Wylder's Hand

by Joseph Sheridan Le Fanu

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Chapter II


I was now approaching Brandon Hall; less than ten minutes more would set me down at its door-steps. The stiff figure of Mrs. Marston, the old housekeeper, pale and austere, in rustling black silk (she was accounted a miser, and estimated to have saved I dare not say how much money in the Wylder family—kind to me with the bread-and-jam and Naples-biscuit-kindness of her species, in old times)—stood in fancy at the doorway. She, too, was a dream, and, I dare say, her money spent by this time. And that other dream, to which she often led me, with the large hazel eyes, and clear delicate tints—so sweet, so riante, yet so sad; poor Lady Mary Brandon, dying there—so unhappily mated—a young mother, and her baby sleeping in long 'Broderie Anglaise' attire upon the pillow on the sofa, and whom she used to show me with a peeping mystery, and her finger to her smiling lip, and a gaiety and fondness in her pretty face. That little helpless, groping, wailing creature was now the Dorcas Brandon, the mistress of the grand old mansion and all its surroundings, who was the heroine of the splendid matrimonial compromise which was about to reconcile a feud, and avert a possible lawsuit, and, for one generation, at least, to tranquillise the troubled annals of the Brandons and Wylders.

And now the ancient gray chapel, with its stained window, and store of old Brandon and Wylder monuments among its solemn clump of elm-trees, flitted by on my right; and in a moment more we drew up at the great gate on the left; not a hundred yards removed from it, and with an eager recognition, I gazed on the noble front of the old manorial house.

Up the broad straight avenue with its solemn files of gigantic timber towering at the right and the left hand, the chaise rolled smoothly, and through the fantastic iron gate of the courtyard, and with a fine swinging sweep and a jerk, we drew up handsomely before the door-steps, with the Wylder arms in bold and florid projection carved above it.

The sun had just gone down. The blue shadows of twilight overcast the landscape, and the mists of night were already stealing like thin smoke among the trunks and roots of the trees. Through the stone mullions of the projecting window at the right, a flush of fire-light looked pleasant and hospitable, and on the threshold were standing Lord Chelford and my old friend Mark Wylder; a faint perfume of the mildest cheroot declared how they had been employed.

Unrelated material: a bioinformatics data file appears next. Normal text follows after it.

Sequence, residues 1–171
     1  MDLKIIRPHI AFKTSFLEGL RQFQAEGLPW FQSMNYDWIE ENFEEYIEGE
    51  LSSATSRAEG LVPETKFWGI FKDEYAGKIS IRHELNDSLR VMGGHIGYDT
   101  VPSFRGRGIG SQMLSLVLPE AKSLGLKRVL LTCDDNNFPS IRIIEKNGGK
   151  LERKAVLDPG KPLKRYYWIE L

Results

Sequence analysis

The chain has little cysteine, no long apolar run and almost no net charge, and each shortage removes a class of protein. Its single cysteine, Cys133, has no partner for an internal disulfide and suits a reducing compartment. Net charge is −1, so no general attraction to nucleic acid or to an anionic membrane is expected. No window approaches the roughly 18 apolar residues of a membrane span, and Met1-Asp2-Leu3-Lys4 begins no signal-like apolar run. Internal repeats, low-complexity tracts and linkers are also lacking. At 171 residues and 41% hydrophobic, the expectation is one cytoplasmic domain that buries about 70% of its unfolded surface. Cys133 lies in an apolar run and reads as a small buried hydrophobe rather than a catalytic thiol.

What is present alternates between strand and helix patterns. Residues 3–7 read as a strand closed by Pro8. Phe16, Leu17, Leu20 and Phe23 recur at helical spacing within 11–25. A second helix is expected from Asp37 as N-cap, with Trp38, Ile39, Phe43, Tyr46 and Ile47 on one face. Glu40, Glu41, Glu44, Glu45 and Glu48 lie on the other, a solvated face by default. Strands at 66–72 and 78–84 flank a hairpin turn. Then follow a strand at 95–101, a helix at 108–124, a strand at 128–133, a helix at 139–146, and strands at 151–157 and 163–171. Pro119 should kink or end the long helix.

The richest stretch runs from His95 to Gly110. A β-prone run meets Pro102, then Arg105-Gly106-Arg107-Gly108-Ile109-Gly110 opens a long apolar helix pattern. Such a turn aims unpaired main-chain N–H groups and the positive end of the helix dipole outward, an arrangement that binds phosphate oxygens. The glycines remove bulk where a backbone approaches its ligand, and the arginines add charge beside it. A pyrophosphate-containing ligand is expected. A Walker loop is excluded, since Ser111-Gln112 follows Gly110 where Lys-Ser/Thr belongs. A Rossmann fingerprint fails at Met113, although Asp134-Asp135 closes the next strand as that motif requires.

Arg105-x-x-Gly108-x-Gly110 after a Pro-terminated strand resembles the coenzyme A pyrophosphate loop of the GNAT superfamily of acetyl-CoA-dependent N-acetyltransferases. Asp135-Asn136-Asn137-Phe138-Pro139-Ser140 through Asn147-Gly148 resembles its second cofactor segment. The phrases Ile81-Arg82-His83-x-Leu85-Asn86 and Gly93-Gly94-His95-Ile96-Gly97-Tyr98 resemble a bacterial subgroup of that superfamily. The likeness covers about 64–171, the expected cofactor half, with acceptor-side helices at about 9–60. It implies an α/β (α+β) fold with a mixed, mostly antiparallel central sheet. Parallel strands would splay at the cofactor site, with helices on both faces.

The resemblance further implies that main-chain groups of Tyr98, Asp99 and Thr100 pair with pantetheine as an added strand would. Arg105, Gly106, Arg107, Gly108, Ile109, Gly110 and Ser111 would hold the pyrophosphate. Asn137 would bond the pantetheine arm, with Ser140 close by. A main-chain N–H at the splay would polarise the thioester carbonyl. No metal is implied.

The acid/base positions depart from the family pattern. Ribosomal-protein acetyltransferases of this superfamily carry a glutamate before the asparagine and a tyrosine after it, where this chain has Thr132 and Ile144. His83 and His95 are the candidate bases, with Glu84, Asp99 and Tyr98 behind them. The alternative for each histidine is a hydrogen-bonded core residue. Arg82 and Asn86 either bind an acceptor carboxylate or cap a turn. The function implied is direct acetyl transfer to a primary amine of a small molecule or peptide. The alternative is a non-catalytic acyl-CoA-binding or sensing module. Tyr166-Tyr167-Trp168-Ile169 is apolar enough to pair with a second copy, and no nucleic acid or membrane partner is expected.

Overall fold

So I jumped to the ground and was greeted very kindly by the smokers.

'I'm here, you know, in loco parentis;—my mother and I keep watch and ward. We allow Wylder, you see, to come every day to his devotions. But you are not to go to the Brandon Arms—you got my note, didn't you?'

I had, and had come direct to the Hall in consequence.

I looked over the door. Yes, my memory had served me right. There were the Brandon arms, and the Brandon quartered with the Wylder; but the Wylder coat in the centre, with the grinning griffins for supporters, and flaunting scrolls all round, and the ominous word 'resurgam' underneath, proclaimed itself sadly and vauntingly over the great entrance. I often wonder how the Wylder coat came in the centre; who built the old house—a Brandon or a Wylder; and if a Wylder, why was it Brandon Hall?

Dusty and seedy somewhat, as men are after a journey, I chatted with Mark and the noble peer for a few minutes at the door, while my valise and et ceteras were lifted in and hurried up the stairs to my room, whither I followed them.

While I was at my toilet, in came Mark Wylder laughing, as was his wont, and very unceremoniously he took possession of my easy-chair, and threw his leg over the arm of it.

'I'm glad you're come, Charlie; you were always a good fellow, and I really want a hand here confoundedly. I think it will all do very nicely; but, of course, there's a lot of things to be arranged—settlements, you know—and I can't make head or tail of their lingo, and a fellow don't like to sign and seal hand over head—you would not advise that, you know; and Chelford is a very good fellow, of course, and all that—but he's taking care of Dorcas, you see; and I might be left in the lurch.'